Guam, an overseas territory of the United States, recognizes neither same-sex marriage nor civil union. Akin to the US states of New Jersey, New Mexico, and New York, marriage remains undefined in both the constitution and the statute.
Legal recognition of same-sex couples Edit
After Vermont successfully passed its same-sex marriage bill, the 27th Guam Youth Congress, an advisory body which submits legislation to committees of the Legislature of Guam, forwarded a bill to legalize civil unions to the legislature, with the bill being supported by Speaker Derick Baza Hills.
A similar measure failed in the 25th Guam Youth Congress by just one vote. Citing recent rulings in the courts such as the unanimous decision overturning the ban on same-sex marriage in Iowa, Hills later commented that the courts would be essential to make sure we "allow for equal rights" he stated in a press release. While same-sex marriage is currently not being considered in Guam, Hills made sure to point out that "We do have advocates in the Legislature [who support same-sex civil unions] ... I do feel and know that there are senators comfortable supporting this legislation," Hills said. Hills called on the Legislature of Guam to introduce legislation to create such unions, though the extent of rights to be granted is unknown.
On June 3, 2009, Vice-Speaker BJ Cruz introduced Bill No. 138, which would establish same-sex civil unions containing all the rights and benefits of civil marriage in Guam. The bill was heavily condemned by the Catholic Church.
Due to opposition to the bill within the religious community, Bill 212 was introduced by proponents of same-sex unions should the civil union bill fail to pass. The bill mirrors the bill passed in Hawaii that provided significantly limited rights. The bill is known as a "Designated Beneficiary Agreement," and unlike the civil union bill, would be open for both same-sex and opposite-sex couples.
Public Opinion Edit
According to the poll, by Pacific Daily News, 26% of Guamanians support same-sex marriage, 27% support same-sex domestic partnerships or civil unions and only 29% of responders said that there should be no legal recognition of same-sex relationships in Guam.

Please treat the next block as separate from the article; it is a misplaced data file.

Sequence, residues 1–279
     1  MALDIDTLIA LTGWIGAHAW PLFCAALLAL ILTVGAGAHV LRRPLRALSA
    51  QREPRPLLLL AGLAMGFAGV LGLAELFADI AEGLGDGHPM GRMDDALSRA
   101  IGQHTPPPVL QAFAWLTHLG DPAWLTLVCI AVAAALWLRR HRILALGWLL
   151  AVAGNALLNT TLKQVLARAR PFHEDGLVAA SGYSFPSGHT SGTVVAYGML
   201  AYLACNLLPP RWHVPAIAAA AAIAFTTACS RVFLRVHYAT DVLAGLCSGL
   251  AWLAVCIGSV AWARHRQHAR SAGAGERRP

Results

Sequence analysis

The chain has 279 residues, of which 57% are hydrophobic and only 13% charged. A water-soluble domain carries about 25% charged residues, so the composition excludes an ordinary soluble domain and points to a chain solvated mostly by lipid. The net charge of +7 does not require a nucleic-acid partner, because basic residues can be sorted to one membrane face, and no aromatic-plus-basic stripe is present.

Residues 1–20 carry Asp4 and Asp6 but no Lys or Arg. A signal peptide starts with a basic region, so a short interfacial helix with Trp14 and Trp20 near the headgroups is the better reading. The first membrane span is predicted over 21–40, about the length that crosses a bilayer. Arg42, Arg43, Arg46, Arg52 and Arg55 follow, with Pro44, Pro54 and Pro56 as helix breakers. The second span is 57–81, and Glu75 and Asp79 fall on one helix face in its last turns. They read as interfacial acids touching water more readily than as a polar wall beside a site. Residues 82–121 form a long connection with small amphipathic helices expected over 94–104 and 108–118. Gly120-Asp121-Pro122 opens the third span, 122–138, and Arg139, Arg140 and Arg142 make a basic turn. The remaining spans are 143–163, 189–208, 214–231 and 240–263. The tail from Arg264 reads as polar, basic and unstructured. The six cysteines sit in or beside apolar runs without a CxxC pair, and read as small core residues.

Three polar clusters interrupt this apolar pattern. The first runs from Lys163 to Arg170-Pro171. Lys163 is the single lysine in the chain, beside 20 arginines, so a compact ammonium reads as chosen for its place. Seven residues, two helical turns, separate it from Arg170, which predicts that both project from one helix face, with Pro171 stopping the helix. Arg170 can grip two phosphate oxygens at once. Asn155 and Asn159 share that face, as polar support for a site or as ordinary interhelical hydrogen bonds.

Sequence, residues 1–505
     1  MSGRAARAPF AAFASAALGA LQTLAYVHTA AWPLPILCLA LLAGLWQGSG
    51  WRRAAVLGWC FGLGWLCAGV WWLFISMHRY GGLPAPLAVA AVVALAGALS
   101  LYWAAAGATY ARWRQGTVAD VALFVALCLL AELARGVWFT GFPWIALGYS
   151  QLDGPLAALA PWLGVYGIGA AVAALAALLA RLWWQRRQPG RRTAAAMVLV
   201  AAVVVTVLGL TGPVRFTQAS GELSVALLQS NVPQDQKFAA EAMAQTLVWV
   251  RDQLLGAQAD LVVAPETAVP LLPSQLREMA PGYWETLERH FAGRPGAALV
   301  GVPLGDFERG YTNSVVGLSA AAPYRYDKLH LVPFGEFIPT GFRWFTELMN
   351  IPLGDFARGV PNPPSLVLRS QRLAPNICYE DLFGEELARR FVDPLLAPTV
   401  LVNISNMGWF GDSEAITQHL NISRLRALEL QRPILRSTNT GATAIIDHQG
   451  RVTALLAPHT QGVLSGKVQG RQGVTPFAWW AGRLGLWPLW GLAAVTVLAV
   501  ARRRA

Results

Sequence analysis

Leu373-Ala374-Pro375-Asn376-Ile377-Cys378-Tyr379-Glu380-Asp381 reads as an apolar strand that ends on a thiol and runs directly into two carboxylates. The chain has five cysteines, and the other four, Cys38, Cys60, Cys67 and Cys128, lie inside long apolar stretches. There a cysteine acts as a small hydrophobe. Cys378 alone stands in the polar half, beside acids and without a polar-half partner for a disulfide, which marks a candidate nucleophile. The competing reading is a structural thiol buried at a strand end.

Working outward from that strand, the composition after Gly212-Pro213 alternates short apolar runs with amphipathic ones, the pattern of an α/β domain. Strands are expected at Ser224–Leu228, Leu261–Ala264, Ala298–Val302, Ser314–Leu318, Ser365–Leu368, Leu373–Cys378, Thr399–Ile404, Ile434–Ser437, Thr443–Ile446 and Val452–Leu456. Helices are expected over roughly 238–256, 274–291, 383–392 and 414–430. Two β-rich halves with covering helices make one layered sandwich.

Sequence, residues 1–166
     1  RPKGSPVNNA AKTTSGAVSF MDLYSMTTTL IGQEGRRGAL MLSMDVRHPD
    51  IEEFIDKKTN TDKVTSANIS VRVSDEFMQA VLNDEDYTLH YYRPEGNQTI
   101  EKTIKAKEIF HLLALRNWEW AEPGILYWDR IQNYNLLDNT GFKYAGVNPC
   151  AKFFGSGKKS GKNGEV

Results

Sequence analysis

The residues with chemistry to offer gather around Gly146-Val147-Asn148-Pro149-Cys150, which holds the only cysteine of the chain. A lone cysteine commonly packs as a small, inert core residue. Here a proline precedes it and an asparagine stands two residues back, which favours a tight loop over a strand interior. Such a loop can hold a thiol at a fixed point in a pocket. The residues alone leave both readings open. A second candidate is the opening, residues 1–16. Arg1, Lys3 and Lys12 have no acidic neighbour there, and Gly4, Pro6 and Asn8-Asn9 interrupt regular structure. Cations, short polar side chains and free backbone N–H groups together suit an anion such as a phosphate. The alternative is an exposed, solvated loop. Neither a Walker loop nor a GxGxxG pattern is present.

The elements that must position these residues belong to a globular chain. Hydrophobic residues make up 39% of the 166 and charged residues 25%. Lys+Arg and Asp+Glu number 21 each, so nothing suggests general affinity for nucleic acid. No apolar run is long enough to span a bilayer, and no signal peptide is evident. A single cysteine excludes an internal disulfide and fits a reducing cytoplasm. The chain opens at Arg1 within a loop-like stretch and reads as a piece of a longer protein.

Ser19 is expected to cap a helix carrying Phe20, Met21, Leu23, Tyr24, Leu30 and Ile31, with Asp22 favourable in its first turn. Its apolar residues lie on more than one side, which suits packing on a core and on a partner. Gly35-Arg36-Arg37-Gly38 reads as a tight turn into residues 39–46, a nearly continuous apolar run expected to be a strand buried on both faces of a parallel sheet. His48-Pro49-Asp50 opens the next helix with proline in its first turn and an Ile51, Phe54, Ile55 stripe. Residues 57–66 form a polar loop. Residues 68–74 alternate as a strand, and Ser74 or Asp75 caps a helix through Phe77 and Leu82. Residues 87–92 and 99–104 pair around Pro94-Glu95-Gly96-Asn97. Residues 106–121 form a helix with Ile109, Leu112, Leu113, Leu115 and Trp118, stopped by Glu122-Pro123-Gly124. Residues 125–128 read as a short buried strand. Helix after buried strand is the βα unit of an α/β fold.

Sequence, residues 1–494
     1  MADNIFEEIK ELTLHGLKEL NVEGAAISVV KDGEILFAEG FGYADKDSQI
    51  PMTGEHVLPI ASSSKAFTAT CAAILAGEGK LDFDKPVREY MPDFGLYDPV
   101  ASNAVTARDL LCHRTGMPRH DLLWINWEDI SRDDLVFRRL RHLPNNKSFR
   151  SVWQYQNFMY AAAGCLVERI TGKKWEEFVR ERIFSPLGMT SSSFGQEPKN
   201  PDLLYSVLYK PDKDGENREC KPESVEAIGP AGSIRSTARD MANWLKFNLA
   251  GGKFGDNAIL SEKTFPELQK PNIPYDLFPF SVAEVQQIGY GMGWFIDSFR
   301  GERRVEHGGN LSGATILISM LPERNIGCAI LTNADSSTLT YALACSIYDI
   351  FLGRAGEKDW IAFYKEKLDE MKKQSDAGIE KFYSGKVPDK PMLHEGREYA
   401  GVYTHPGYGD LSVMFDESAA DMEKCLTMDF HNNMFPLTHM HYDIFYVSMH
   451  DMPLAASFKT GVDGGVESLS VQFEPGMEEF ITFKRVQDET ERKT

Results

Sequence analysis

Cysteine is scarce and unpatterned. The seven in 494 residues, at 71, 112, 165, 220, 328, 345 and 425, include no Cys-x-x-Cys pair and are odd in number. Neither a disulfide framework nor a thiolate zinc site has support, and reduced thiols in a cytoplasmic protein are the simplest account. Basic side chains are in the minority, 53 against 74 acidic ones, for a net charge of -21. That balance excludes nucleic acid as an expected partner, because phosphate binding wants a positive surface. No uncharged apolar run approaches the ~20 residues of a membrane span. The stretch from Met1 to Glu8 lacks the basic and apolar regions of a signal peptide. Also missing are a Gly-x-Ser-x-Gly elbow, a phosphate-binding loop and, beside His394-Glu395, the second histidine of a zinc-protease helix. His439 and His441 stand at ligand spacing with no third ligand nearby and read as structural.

- ↑ 1.0 1.1 Lee, Yvonne S.. "Youth congress pass bill to legalize same sex civil unions", Pacific Daily News, 10 April 2009. Retrieved on 2009-04-23.
- ↑ Same-sex civil unions proposed
- ↑ Archbishop Apuron Responds To Senator Cruz's Same Sex Civil Union Bill
- ↑ 
- ↑ www.guampdn.com/survey-26-percent-support-same-sex-marriage Poll about same-sex relations legal recognition
Same-sex unions in the United States
Same-sex marriage legalized:
Alabama • Alaska • Arizona • California • Colorado • Connecticut • Delaware • District of Columbia • Florida • Hawaii • Idaho • Illinois • Indiana • Iowa • Kansas3 • Maine • Maryland • Massachusetts • Minnesota • Missouri3 • Montana • Nevada • New Hampshire • New Jersey • New Mexico • New York • North Carolina • Oklahoma • Oregon • Pennsylvania • Rhode Island • South Carolina • Utah • Vermont • Virginia • Washington • West Virginia • Wisconsin • Wyoming
Marriage bans struck down by courts, stayed under appeal:
Marriage bans upheld by courts:
Same-sex marriage recognized, but not performed:
Same-sex marriage prohibited by statute:
Same-sex marriage prohibited by
All types of same-sex unions prohibited by
Recognition of same-sex unions undefined by statute or constitutional amendment:
1. Marriages entered into before the relevant rulings were stayed are recognized for federal purposes.
2. For purposes of death certificates only
3. In Kansas and Missouri, marriage bans were struck down by their relevant appeals court but licenses are only issued in select counties.
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